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People write post-it notes to support jailed anti-junta activists

Crowds gathered in central Bangkok to show support for the 14 detained anti-junta activists amid a heavy presence of police and military officers in and out of uniform.

On Friday evening, 3 July 2015, a large crowd gathered on the pedestrian bridge in front of the Bangkok Art and Culture Centre (BACC) in central Bangkok for an event called “Post-It Notes for Freedom” to support the 14 embattled anti-junta activists who have been detained since 26 June 2015.

The event was organised by the Resistant Citizen group, an anti-junta activist group, and the New Democracy Movement (NDM), an anti-coup group where the 14 activists are members.

The “Post-It Notes for Freedom” activity started at 6 pm and ended at around 8 pm. Prior to the event, police officers erected iron fences to barricade half the area of the skywalk, restricting the space that could be used by both activists and passers-by.

At the event, Sirawit Serithiwat, an anti-junta student activist from Resistant Citizen, passed out post-it notes to the gathered supporters and encouraged everyone to write messages on them before posting them on a wall set up along the BTS skywalk linking the MBK shopping mall to Siam Centre.

Throughout the event at least, a hundred police stood in the restricted zone, photographing activists. Plainclothes officers also entered the activists’ zone to photograph the activists closer. The event organizer told supporters to not interfere with the police actions.

Sirawit, amidst the throng of people, told Prachatai that he hoped this activity would encourage the public to take to heart the cause of the jailed 14 activists.

Thiraphimol Serirangsan, the wife of one of the jailed activists, was also helping out at the event. Her husband is Pornchai Yuanyi, also known as Sam, one of the NDM leaders,

“Before Sam went to protest on the day of his arrest, he told me ‘I’m doing it for you, for our child, and for democracy,” said Thiraphimol, who met Pornchai when they were both at Chulalongkorn University’s Political Science Faculty. They have a baby together.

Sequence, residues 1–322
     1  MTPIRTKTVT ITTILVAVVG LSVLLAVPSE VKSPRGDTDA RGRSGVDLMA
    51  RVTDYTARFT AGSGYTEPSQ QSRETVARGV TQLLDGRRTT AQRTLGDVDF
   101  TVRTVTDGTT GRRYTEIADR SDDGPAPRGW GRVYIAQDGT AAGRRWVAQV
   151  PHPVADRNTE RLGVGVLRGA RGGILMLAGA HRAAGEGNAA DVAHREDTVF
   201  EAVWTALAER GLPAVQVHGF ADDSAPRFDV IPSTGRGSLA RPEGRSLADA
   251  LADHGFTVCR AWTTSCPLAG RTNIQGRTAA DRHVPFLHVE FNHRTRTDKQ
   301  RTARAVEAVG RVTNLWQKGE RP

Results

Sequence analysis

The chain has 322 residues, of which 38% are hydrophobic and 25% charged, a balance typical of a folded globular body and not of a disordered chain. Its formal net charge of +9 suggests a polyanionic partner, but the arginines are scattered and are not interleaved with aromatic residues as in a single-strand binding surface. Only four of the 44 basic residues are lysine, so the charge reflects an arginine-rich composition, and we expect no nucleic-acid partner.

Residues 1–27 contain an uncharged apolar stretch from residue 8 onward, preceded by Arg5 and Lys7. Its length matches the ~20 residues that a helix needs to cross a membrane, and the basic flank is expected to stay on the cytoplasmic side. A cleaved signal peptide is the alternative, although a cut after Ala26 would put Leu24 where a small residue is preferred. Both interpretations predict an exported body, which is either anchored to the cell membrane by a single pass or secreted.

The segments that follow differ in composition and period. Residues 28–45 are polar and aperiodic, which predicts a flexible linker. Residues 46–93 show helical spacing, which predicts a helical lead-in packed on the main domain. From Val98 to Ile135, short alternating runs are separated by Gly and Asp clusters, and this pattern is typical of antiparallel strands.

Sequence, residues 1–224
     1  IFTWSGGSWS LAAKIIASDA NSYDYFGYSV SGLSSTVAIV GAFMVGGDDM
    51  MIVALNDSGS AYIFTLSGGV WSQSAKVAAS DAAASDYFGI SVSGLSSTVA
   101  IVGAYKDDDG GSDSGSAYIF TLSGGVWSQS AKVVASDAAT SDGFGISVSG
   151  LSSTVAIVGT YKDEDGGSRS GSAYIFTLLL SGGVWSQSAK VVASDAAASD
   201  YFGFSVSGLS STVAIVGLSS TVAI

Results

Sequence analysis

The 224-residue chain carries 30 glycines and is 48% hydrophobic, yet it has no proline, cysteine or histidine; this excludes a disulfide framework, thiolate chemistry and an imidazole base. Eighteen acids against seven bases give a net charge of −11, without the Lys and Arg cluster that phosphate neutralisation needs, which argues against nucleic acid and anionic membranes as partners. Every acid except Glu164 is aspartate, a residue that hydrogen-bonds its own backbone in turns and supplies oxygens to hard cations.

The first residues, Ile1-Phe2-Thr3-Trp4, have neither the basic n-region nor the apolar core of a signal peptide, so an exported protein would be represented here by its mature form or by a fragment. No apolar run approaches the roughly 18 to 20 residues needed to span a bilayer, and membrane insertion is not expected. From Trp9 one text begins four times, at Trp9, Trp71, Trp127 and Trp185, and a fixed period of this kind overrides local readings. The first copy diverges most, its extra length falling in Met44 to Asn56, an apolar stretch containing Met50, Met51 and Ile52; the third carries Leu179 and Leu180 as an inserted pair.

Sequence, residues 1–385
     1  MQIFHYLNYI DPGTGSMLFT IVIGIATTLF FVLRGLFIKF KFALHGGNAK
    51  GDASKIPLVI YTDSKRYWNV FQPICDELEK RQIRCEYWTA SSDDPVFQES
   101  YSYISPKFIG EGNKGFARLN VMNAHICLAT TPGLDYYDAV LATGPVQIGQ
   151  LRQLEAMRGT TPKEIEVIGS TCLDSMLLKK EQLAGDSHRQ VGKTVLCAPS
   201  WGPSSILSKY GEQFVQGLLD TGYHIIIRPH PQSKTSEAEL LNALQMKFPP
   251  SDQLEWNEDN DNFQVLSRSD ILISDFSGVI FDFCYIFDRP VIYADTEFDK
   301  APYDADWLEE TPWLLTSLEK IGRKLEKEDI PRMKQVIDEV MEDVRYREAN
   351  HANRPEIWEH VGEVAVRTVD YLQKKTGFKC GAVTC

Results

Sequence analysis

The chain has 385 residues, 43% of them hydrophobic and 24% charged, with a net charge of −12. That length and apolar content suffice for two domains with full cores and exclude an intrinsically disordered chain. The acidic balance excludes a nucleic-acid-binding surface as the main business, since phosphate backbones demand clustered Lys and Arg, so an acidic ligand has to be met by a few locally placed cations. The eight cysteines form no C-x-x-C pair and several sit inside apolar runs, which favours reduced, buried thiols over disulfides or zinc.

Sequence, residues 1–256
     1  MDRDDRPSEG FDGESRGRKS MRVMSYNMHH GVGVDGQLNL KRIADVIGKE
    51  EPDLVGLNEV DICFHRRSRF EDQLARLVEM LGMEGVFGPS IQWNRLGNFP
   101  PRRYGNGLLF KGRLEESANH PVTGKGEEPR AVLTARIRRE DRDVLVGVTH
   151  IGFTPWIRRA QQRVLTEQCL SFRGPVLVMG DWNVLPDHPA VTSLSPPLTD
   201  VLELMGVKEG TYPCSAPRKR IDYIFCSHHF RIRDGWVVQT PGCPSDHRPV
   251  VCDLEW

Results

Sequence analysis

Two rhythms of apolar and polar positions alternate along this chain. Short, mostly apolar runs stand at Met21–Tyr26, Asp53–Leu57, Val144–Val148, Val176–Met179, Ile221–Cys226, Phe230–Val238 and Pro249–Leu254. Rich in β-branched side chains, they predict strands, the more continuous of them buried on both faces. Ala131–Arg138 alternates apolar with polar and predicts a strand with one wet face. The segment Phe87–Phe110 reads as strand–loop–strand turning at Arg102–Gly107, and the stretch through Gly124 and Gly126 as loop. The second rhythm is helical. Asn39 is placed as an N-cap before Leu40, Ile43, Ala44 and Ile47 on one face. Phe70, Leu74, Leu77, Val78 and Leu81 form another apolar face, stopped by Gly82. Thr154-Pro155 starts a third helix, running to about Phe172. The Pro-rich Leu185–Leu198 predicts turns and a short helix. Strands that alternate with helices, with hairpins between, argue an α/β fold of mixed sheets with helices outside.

As the event went on, many supporters, members of the public, and passers-by left encouraging post-it notes. Many of them are in foreign languages, perhaps to call for international help in freeing the activists.

At around 7 pm, activists commenced singing songs to rouse the public, including a Thai version of “Do You Hear the People Sing?” Activists also chanted “Free the students! Free our friends!” and made short speeches calling for a return to democracy.

Activists also gave out flyers about their next activity which will be staged on 6 July. The “Wings of Freedom” event will be held at Thammasat’s Tha Prachan Campus.

At 7:16 pm, Sombat Boonngam-anong, aka Nuling or the Polka Dot Editor, arrived on the scene amid a media hoopla, and added a post-it of his own.

Sombat said he was just having a meal at MBK Centre when he heard about the event and decided to participate. “My post-it just has the number 14 within a sun,” he said.

“Hold fast and stand firm in your beliefs,” he said when asked what he would like to say to the jailed activists.

Other participants included Wiboon Bunpattararaksa, the father of Jatupat Bunpattararaksa, one of the jailed activists. Wiboon stated that the students are acting as role models for society, who should realize the gravity of the students being wrongfully jailed.

“At a time like this, we cannot do much, but this activity is better than nothing. The post-it notes reflect what we’re feeling and facing, and when others see them they will realize it too,” said the father.

Wiboon states that the NCPO are afraid of revolution, and the student protest shook the junta at the judicial level.

On his post-it, Wiboon wrote “You did the right thing, son.”

Thanongsak Patpongpaibul, one of the participants, said that he had been involved in the NDM ever since the coup. Under a junta, unlike a democracy, there is no system of checks and balances, he said.

Another contributor, Panisara Panmuni from the Kuakarun College of Nursing, said that she was here because she “does not accept the authoritarian regime” and will “not surrender to this unlawfulness.”

A freelance academic in religious philosophy, Wichak Panich, expressed his support.

“Those 14 students ignited the fundamental spark found in everyone. The common people do not possess power in terms of force or arms, but this [post-it activity] shows the power of the people who are suppressed and want political participation. [Activity participants] have surpassed the fear of the above by participating, and thus reclaim the country.”

Wichak went on to say that there is no shortcut to democracy. Thais must continuously work to solve the corruption problems which exist in democracy rather than destroy the democratic system altogether. People must be made aware that the junta has never done anything for them and will continue to leave them powerless if allowed, said Wichak.

On his post-it, Wichak wrote, “We want political participation.”

Sunai Phasuk, a researcher from Human Rights Watch, also came to observe the event on Friday evening.